“Does his understanding allow for a definitive free refusal of God’s love on the part of any human being? He repeatedly insists on this possibility, but the inner consistency of his thought does not seem to admit it. . . . My reservation regarding his position comes from the suspicion that the logic of his thought leads not just to hope, but to a (consciously denied but logically inescapable) certainty for the salvation of all.” (168)
And Martin’s own assessment of Balthasar has parallels to Bell as well.
“When Balthasar either directly argues for universalism or simply asks questions challenging the traditional understanding but nevertheless making his sympathies clear and his own answer implicit, he, in my judgment, departs from the content of revelation and the mainstream theological tradition of the Church in a way that undermines the call to holiness and evangelization and is pastorally damaging.” (178)
The pastoral implications of universalism are graphically brought out by Martin who notes that the post-Vatican II emphasis on missions had a sharp decline or was radically redefined.
“Where a climate of universalism began to gain sway in the Church after the Vatican II Council, the missionary effort of the Church virtually collapsed. Mission in many places became redefined as primarily directed to improving the structures of life in this world, or even helping people to be better adherents of their own non-Christian religions. The number of missionaries and missionary orders devoted to drawing others to conversion to Christ drastically collapsed.” (187)
Martin appreciates Balthasar’s concern for preserving a good image of God but astutely notes that “[a]ttempts to correct a particular distorted image of God can unfortunately, end up creating a distortion in the opposite direction.” (189, Emphasis mine.)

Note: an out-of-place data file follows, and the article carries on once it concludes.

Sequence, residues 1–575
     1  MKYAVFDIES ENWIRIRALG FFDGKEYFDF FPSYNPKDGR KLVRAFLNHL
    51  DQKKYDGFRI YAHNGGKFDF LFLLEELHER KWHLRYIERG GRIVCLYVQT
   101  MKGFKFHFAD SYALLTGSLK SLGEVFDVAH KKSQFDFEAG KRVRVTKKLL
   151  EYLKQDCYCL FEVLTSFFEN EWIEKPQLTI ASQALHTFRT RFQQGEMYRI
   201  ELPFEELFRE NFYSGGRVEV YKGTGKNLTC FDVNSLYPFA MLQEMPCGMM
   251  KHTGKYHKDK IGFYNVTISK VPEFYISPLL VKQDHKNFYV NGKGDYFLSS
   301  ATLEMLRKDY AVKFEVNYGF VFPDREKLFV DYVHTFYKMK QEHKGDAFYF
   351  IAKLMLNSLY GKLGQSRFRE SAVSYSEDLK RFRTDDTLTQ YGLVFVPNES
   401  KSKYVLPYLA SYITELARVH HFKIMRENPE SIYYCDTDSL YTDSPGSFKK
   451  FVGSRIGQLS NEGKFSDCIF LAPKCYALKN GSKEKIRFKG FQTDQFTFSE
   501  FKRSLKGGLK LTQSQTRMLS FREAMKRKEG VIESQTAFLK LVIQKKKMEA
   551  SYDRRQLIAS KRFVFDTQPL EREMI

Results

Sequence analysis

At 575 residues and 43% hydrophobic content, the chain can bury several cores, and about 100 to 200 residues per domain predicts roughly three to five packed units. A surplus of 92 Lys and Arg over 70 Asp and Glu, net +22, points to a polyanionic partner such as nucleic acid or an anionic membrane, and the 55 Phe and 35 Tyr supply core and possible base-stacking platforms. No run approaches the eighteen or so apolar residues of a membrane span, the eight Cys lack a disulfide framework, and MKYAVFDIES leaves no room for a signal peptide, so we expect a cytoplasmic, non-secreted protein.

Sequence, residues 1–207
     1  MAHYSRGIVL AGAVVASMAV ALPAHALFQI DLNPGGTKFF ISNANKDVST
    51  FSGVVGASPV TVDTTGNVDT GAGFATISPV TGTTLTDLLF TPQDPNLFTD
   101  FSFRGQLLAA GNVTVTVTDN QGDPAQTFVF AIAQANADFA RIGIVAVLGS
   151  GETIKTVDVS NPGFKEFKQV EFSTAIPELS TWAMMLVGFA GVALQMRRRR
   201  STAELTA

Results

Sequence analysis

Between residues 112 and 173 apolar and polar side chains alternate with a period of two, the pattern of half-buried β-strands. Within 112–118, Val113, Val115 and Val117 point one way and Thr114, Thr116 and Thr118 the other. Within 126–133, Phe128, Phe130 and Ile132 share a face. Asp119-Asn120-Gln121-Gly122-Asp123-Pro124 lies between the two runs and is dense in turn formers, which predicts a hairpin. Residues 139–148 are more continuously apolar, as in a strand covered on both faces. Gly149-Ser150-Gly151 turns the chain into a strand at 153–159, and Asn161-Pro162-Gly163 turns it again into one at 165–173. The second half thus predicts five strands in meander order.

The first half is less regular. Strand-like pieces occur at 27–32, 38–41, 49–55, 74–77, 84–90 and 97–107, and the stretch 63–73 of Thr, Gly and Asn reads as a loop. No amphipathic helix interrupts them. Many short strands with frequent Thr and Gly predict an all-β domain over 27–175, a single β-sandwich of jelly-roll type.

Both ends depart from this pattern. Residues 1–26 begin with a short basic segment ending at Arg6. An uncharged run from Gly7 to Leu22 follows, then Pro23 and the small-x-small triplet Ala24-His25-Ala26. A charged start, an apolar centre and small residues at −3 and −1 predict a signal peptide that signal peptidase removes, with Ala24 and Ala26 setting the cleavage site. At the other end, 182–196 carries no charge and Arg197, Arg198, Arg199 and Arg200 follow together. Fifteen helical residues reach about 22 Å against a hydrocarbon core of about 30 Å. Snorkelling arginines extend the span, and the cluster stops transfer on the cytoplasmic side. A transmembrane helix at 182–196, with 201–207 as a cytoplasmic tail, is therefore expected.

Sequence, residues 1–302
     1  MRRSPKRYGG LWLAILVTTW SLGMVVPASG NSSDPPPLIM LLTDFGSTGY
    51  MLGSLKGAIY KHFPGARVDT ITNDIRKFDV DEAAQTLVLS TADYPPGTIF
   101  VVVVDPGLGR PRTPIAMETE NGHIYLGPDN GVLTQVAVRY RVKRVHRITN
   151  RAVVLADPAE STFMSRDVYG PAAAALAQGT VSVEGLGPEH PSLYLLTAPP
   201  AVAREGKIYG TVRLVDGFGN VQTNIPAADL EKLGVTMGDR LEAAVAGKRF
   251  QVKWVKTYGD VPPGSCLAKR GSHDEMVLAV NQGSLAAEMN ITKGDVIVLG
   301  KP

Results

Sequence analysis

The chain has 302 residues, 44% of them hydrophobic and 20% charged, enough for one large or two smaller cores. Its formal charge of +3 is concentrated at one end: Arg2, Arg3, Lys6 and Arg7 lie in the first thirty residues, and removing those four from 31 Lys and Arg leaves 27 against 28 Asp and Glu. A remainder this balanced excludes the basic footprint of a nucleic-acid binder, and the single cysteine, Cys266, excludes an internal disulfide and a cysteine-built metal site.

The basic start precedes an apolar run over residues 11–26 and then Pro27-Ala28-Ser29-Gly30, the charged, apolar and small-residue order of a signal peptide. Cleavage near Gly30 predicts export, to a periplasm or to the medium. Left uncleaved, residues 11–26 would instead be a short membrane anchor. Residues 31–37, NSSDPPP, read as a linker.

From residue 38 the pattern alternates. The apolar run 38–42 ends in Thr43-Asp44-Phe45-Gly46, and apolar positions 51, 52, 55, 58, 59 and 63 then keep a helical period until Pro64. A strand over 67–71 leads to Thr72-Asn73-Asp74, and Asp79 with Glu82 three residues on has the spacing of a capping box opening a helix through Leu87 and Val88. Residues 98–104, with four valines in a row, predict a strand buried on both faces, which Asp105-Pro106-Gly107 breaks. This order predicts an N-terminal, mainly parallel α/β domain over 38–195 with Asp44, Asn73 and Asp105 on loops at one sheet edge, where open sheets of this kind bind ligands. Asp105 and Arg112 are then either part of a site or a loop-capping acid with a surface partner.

But Martin’s book is not just a sustained critique of Rahner and Balthasar. The first few chapters are devoted to a close look at the Vatican II documents, noting where the universalists have ignored significant portions of the document in order to support their position. There is also a full chapter devoted to Scriptural foundations of the Vatican II document known as Lumen gentium 16.
I was deeply impressed with this book and Martin’s argument. It is an important book which deserves to be read widely by both Catholics and Protestants. The issues are important because the eternal destinies of people are at stake as Martin so eloquently concludes,
“[V]ast numbers of people within and without the Church do not appear to be seeking God and trying to do his will, following the light of their consciences, but are rather exchanging the truth of God for a lie, suppressing the truth, and living in rebellion and immorality, needing desperately to be invited to faith and repentance in order to be saved.” (202)
Will Many Be Saved?: What Vatican II Actually Teaches and Its Implications for the New Evangelization by Ralph Martin is from Eerdmans Publishing. It is a paperback with 332 pages and sells for $24.00.
Ralph Martin, S.T.D., is the Director of Graduate Theology Programs in the New Evangelization at Sacred Heart Seminary in Detroit, President of Renewal Ministries, and a Consultor to the Pontifical Council for the New Evangelization.